Islet adaptation by pancreatic beta cells is a compensating mechanism to maintaining glucose levels, and is responsible for hyperinsulinemia. Several factors have been proposed as mediators in islet adaptation: glucose, free fatty acids, autonomic nervous system, or glucagon-like peptide 1. Although hyperglycemia may rise insulin secretion, in patients with insulin resistance hyperinsulinemia persists in spite of normal blood glucose levels. Lastly, when pancreatic islet beta cells cannot secrete insulin enough to maintain glucose homeostasis, type-2 diabetes mellitus develops.

The mechanisms by which hepatitis C induces an increased risk for the development of diabetes are not fully understood. Liver fibrosis has been long considered responsible for the development of insulin resistance and type-2 diabetes in patients with chronic liver disease. Hyperinsulinemia in liver cirrhosis has been reported to be due to a diminished liver insulin extraction as a result of liver dysfunction and not pancreatic hypersecretion. C-peptide and insulin are secreted in equimolar quantities. More than 50% of insulin is degraded in the liver at first pass, whereas C-peptide is degraded in the kidneys (2). Simultaneous measurements of C-peptide and insulin revealed that both insulin resistance and insulin secretion contribute to glucose intolerance in patients with chronic hepatitis C (3). Although insulin resistance correlated with liver fibrosis, insulin resistance was found to be higher in patients with chronic hepatitis C and mild fibrosis (F0-F1) than in healthy controls matched for age, sex, visceral obesity, and body mass index (4). Besides, these differences have been found using simple methods to measure insulin resistance, such as HOMA, or more sophisticated methods like the euglycemic-hyperinsulinemic clamp (5). Moreover, insulin resistance has been found to be higher in patients with chronic hepatitis C than in patients with non-alcoholic steatohepatitis (6). Insulin resistance is considered a key factor in the pathophysiology of NASH. Thus, hepatitis C virus induces insulin resistance. In a transgenic animal model using mice expressing the core HCV protein, insulin resistance developed, whereas it did not appear in non-transgenic mice. Also, a fat-rich diet induces type-2 diabetes in transgenic but not wild animals. Hepatitis C virus may induce an overproduction of TNF, responsible for the phosphorylation of serine residues at insulin-receptor substrates 1 and 2, and an enhanced production of the suppressor of cytokines (SOC3). SOC inhibits the phosphorylation of Akt and phosphatidyl inositol-3 kinase (PI3K). All these impairments in the intracellular signaling of insulin may block the transactivation of GLUT-4, preventing the uptake of glucose by cells. The role of HCV core protein, TNF, and SOC production in the development of insulin resistance has been demonstrated in animal transgenic models. In fact, in transgenic mice expressing the HCV core protein, insulin resistance appears to result from an overproduction of TNF. However, in transgenic animal models unable to express SOC-3, in spite of core HCV protein expression, insulin resistance does not develop. Indeed, in transgenic mice, TNF correlates with hyperinsulinemic states, and the blockade of TNF production by anti-TNF drugs such as infliximab also prevents insulin resistance. Therefore, the mechanism inducing insulin resistance by hepatitis C virus includes: TNF production, serine phosphorylation of IRS, and overexpression of SOCs. Furthermore, an overproduction of TNF in patients with chronic hepatitis C has usually been found (15), and correlated with higher fibrosis progression and impaired antiviral response to interferon alpha. TNF is a proinflammatory and profibrogenic cytokine, and the risk for the development of insulin resistance and then of DMT2 is greater in patients with higher TNF production. Indeed, TNF levels correlated with fasting insulin levels and insulin resistance indexes such as HOMA, independently of liver fibrosis stage (7).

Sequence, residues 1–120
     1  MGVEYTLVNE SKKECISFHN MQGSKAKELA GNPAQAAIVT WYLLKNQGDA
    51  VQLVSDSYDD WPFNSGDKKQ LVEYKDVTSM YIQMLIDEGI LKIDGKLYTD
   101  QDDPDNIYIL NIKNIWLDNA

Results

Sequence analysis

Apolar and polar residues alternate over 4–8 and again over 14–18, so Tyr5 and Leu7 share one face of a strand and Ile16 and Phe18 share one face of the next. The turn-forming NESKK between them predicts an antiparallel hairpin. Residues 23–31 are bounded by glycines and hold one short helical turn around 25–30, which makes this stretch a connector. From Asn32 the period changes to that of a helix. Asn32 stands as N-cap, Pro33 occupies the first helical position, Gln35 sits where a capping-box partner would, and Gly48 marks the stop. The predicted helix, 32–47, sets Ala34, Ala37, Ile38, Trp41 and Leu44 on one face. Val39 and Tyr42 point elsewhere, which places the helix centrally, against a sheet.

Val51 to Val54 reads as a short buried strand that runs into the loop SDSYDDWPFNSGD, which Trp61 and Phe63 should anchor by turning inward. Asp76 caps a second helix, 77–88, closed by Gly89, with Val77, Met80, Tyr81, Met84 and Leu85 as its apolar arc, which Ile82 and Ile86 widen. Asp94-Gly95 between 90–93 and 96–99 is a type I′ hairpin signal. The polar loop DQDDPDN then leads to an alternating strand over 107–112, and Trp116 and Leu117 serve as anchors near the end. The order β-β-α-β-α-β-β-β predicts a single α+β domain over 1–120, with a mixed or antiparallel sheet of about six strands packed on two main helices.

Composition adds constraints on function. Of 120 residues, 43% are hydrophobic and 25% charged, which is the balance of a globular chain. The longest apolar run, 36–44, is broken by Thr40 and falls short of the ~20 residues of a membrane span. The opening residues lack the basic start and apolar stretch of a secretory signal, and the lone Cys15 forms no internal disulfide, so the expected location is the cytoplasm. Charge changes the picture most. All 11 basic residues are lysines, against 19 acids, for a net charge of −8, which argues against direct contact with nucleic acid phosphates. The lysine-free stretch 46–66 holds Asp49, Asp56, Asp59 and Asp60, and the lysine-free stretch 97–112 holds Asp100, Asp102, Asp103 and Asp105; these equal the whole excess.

Type 2 diabetes mellitus and hepatitis C

The development of type-2 diabetes mellitus depends on environmental, genetic and diet-related factors. Type-2 diabetes mellitus is more often seen in patients with chronic liver diseases than in the general population (8). Data supporting an association between diabetes mellitus and hepatitis C include: a) cross-sectional studies that found an increased prevalence of diabetes mellitus in patients with chronic hepatitis C, or a higher prevalence of hepatitis C in patients with diabetes mellitus; and b) case-cohort studies to analyze the development of diabetes mellitus during follow-up in patients with hepatitis C against non-infected patients, including follow-up after orthotopic liver transplantation. In a cross-sectional survey including 9,841 persons, Mehta et al. found that HCV-positive persons who were older than 40 years had an increased risk for type-2 diabetes mellitus, more than 3-fold when compared to persons without HCV infection. However, no difference was seen between HBV infected subjects and the general population (9). Diabetes mellitus has been more often seen in cirrhotic patients (10). However, in a cohort of 45 non-cirrhotic patients with chronic hepatitis C the prevalence of type 2 diabetes mellitus was 33%, higher than in the matched control group and in a group of patients with chronic hepatitis B (11). Besides, in a large retrospective study diabetes mellitus was present in 23.6% of patients with hepatitis C, and in 9.4% of those with hepatitis B (12). On the other hand, anti-HCV antibodies have more often been detected in patients with diabetes mellitus than in the general population, although the prevalence of antibodies varies from 3 to 6-9% (13). However, some confounding factors, including economic status, race, and body mass index, have not always been included in these analyses. Some data support the hypothesis that in patients with a high risk for the development of type-2 diabetes (male patients, older than 40 years, and overweight) HCV infection plays a role in the development of diabetes mellitus during follow-up. In a cohort of 1,084 patients followed-up for 9 years 548 cases developed diabetes mellitus. The presence of hepatitis C was associated with a greater development of diabetes, but solely in high-risk diabetes patients (14). Besides, in a cohort of 2,327 cases, hepatitis C infection increased three times the rate of diabetes mellitus development during follow-up in patients aged between 35 and 49 years (15). Thus, HCV infection may promote type-2 diabetes in high-risk populations.